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Oil prices continued their decline below $50 a barrel on Monday, with traders fretting that OPEC's planned production cut could unravel after Iraq said it should be given special treatment and non-OPEC producers appeared lukewarm towards the plan.

Brent crude futures for delivery in December traded Monday at $49.57 a barrel, down $0.14, or 0.3%, on their Friday close. West Texas Intermediate futures, also for December, traded at $48.61, down $0.09, or 0.2%. Brent on Friday dipped below $50 for the first time in almost a month and has slid almost 7% from its one-month high of $53.14 on Oct. 10.    

OPEC surprised markets and provoked a rally in oil prices at the end of September, when its members agreed in principle to cut production. Details of the agreement are due to be ratified at a meeting of oil ministers at the end of November.

Monday's oil price falls came after representatives from non-OPEC producers, including Russia, Brazil and Oman, met with OPEC officials on Saturday to discuss their role in supporting the cut but failed to add details to the nebulous plan.

Russia, the world's biggest producer, is now expected to offer to freeze production, stepping back from earlier hopes it would cut output.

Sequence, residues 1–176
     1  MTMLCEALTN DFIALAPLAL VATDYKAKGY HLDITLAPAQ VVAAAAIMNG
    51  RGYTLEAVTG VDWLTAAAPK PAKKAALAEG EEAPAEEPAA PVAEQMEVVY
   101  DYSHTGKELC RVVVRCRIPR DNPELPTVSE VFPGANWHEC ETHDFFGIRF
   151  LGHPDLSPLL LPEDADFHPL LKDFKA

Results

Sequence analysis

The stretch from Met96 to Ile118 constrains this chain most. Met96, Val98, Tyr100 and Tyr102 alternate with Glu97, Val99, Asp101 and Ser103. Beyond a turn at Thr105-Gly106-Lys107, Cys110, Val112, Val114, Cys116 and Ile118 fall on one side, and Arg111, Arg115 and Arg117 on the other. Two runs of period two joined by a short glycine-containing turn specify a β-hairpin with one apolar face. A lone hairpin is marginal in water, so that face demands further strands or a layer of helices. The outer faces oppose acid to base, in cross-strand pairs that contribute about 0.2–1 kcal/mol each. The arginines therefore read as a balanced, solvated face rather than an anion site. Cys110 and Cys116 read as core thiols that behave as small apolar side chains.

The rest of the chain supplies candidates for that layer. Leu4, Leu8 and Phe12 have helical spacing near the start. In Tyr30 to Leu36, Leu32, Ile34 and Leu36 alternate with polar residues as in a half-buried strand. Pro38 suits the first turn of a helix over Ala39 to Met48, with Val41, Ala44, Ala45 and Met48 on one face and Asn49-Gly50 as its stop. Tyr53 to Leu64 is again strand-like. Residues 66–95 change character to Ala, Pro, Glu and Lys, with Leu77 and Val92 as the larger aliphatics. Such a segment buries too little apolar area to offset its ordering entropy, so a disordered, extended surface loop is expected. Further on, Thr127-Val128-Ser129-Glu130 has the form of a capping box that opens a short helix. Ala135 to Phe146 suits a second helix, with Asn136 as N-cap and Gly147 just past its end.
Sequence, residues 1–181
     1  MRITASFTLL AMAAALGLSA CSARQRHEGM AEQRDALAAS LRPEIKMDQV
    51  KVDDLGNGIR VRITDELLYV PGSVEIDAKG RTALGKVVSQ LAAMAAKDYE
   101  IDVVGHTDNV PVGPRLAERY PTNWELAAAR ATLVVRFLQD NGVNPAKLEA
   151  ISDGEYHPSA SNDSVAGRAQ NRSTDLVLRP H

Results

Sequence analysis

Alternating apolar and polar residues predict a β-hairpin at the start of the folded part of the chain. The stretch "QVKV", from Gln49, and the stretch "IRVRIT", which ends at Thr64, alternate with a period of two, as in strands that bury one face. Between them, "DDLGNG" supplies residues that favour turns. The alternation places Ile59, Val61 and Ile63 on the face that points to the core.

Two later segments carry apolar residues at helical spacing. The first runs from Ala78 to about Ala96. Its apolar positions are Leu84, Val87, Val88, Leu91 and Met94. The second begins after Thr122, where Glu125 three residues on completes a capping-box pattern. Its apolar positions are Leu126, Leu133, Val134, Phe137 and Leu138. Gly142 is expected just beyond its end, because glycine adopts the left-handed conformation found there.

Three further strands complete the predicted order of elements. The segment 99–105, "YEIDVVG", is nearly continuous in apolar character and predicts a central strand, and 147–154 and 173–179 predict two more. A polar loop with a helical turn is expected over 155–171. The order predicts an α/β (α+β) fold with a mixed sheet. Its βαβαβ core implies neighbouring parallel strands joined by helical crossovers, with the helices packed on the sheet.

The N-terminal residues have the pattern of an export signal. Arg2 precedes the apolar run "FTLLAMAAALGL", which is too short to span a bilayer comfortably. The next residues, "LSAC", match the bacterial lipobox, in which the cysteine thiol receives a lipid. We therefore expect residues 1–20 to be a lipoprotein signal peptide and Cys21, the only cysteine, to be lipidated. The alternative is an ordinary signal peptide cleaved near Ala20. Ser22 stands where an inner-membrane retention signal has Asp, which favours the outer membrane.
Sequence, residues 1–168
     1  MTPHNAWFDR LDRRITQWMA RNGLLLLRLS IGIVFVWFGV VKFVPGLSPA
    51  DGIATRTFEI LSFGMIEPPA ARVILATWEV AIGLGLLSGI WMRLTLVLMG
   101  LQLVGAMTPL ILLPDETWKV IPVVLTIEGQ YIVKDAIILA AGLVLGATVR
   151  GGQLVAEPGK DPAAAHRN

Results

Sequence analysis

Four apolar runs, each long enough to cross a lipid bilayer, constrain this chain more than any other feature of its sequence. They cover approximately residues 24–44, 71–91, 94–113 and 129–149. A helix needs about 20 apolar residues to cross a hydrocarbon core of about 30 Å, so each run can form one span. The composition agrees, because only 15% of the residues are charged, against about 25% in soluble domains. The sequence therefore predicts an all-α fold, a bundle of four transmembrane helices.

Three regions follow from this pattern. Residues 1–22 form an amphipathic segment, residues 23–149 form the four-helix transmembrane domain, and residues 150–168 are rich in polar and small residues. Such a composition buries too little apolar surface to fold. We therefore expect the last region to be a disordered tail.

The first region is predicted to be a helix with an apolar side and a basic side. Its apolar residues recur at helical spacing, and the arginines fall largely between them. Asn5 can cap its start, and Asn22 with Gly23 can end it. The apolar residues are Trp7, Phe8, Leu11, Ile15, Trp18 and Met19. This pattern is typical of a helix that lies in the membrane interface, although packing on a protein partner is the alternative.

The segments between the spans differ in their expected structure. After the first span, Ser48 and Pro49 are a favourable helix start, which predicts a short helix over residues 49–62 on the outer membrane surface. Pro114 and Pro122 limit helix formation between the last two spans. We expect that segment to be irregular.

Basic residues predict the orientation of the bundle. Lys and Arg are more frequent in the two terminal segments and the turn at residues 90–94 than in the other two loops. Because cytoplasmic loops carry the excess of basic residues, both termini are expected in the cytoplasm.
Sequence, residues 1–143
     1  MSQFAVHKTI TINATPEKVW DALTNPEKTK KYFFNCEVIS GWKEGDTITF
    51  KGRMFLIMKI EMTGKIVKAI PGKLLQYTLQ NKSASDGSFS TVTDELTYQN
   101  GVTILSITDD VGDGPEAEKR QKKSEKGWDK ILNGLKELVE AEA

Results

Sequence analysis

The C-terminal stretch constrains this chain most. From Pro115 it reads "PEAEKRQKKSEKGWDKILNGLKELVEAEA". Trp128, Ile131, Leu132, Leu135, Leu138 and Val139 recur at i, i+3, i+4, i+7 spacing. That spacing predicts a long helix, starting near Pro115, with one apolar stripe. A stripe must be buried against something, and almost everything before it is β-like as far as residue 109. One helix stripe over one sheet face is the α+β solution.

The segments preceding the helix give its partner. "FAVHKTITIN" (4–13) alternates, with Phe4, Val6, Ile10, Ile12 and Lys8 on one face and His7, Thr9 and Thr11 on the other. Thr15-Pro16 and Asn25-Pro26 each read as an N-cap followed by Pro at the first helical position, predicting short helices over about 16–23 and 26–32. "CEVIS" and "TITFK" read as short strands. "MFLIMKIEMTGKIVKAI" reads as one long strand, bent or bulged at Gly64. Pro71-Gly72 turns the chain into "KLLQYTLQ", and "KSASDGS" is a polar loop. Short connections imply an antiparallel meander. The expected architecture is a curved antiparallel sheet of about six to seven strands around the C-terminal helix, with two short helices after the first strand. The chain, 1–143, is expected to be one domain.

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"The meeting engaged in intensive and fruitful deliberations on how best to return much-needed stability to the market," said OPEC. "The consultations will continue in December."  

The lackluster Saturday meeting followed a similarly underwhelming meeting of OPEC members on Friday, which failed to agree the mechanism for cutting production.

The lack of concrete progress adds uncertainty to a deal already under increasing pressure after Iraq last week claimed its battle with ISIS militants meant it should receive special allowances to maintain production. Adding Iraq to a list of nations, including Iran, Nigeria and Libya, that are seeking exemption from the deal would leave almost a third of OPEC's production outside the agreement.

Iraqi officials over the weekend also laid the groundwork for a less punitive cut should the country remain in the agreement. They published unusually detailed accounts of oil production, suggesting the country pumped 4.7 million barrels a day in September. That is about 5.4% higher than OPEC's estimates that were to be used as the base from which cuts would be calculated.

The maneuvering has left Saudi Arabia, which is OPEC's biggest producer and the driving force behind the production cut, facing a difficult choice of accepting deeper-than-expected production cuts that would effectively cede market share to regional rivals, or abandon the deal.

The latter option would prompt a sharp decline in oil prices and extending the current oil glut deep into 2017. Goldman Sachs analysts predict oil prices will fall back toward $43 a barrel if the agreement falters. A decline of that magnitude will have knock on effects for global inflation and the possibility of central bank rate hikes, notably by the Federal Reserve.